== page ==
A realistic comprehension of the spirit and intent of Buniyadi Talim was indeed missed by those under the influence of “all that was Western and British.” To them, the existing transplanted system was doing fine. So why disturb it? It is only now that the consequences of this approach are before us: Unemployment, poverty, hunger, internal migration, neglect of villages and farmers and much more.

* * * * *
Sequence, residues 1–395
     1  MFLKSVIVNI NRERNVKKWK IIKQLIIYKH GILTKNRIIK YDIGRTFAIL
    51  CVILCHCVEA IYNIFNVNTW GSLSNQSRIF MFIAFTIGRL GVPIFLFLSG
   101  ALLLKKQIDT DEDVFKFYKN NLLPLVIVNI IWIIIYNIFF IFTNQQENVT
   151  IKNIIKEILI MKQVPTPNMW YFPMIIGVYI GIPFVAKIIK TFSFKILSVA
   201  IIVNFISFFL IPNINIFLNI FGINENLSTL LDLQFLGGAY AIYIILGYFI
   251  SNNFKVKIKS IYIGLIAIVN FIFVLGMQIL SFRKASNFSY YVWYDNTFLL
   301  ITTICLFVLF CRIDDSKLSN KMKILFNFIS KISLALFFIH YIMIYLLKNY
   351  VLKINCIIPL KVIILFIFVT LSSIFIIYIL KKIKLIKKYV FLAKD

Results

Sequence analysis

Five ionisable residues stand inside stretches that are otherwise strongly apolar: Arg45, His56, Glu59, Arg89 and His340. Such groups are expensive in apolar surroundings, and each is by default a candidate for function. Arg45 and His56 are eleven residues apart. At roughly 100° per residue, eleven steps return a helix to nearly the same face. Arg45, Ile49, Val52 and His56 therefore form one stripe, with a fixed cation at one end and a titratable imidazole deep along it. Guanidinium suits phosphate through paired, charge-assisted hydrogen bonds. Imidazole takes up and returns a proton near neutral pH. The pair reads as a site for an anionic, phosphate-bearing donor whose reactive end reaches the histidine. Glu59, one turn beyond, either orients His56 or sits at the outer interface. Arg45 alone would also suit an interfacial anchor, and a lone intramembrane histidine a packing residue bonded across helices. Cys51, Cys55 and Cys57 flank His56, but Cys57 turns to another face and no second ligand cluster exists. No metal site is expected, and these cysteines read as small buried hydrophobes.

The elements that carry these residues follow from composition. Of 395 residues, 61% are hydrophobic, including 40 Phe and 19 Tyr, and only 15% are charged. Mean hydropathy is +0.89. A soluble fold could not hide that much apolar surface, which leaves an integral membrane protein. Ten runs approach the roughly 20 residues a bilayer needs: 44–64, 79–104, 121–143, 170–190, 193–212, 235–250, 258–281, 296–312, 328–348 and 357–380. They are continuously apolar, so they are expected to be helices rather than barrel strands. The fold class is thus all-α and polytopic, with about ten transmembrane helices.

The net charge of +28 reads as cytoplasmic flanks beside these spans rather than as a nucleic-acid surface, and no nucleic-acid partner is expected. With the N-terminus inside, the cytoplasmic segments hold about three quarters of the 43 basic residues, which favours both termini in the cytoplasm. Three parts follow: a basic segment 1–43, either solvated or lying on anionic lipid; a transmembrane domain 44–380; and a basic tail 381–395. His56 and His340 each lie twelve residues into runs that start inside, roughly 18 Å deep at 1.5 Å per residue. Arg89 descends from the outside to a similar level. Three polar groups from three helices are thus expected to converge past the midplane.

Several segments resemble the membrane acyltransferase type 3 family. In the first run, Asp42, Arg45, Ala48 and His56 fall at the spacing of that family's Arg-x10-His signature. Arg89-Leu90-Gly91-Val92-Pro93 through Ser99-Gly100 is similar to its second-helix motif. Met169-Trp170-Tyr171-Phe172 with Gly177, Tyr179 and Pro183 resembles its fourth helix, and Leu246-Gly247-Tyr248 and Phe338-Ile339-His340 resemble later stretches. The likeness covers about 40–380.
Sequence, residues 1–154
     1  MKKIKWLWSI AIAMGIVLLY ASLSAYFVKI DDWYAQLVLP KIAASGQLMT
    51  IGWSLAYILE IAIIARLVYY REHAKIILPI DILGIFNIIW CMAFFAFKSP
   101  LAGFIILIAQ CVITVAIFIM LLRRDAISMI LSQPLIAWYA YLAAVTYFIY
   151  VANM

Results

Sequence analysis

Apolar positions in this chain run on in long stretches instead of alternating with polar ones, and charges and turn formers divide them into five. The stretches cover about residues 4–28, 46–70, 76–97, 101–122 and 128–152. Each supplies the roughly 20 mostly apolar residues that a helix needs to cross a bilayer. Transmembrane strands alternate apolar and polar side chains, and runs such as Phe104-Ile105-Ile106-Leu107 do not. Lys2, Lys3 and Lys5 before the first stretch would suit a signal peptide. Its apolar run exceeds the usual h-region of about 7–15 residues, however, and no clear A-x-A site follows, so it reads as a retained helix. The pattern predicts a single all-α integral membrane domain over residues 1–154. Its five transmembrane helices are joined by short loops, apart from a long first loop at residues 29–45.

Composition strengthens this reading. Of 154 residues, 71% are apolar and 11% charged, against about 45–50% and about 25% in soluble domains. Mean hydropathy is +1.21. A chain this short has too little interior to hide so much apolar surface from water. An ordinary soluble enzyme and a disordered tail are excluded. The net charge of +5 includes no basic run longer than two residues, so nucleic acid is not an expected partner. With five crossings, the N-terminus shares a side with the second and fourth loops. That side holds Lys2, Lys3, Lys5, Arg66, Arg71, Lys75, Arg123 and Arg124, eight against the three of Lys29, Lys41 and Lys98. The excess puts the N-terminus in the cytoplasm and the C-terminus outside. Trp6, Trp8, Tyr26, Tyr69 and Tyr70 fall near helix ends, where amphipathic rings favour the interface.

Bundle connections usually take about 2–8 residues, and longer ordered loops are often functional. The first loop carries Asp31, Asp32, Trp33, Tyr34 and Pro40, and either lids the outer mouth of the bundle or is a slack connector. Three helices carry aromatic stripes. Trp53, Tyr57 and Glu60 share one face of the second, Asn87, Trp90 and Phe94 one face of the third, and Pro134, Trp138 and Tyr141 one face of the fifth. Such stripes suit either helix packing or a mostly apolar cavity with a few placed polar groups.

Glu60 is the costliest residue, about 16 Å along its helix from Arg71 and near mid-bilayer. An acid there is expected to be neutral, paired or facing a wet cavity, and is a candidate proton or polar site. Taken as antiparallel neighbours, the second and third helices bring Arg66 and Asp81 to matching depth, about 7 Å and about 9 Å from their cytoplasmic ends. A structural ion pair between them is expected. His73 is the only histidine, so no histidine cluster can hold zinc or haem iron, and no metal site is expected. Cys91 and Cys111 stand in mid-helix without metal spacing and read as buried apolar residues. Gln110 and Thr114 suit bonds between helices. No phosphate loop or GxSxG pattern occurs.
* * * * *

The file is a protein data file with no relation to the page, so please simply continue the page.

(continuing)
Everyone talks of a lack of moral, ethical and humanistic values. Corruption is a consequence of diminishing emphasis on character-building. Luminaries like Azad had anticipated such concerns. After posing the problem and putting it in the context, Azad articulated its elements: “It is already known to you that the 19th century liberal point of view concerning the imparting of religious education has already lost weight. Even after World War I, a new approach had begun to assert itself and the intellectual revolution brought about in the wake of World War II has given it a decisive shape. At first, it was considered that religions would stand in the way of free intellectual development of a child but now it has been admitted that religious education cannot altogether be dispensed with. If national education was devoid of this element, there would be no appreciation of moral values or moulding of character on human lines. It must be known to you that Russia had to give up its ideology during the last World War. The British Government in England also had to amend its education system in 1944.” With a crystal clear comprehension, Azad was convinced that the West felt the need of religious education as without religious influences, people become “over-rationalistic.”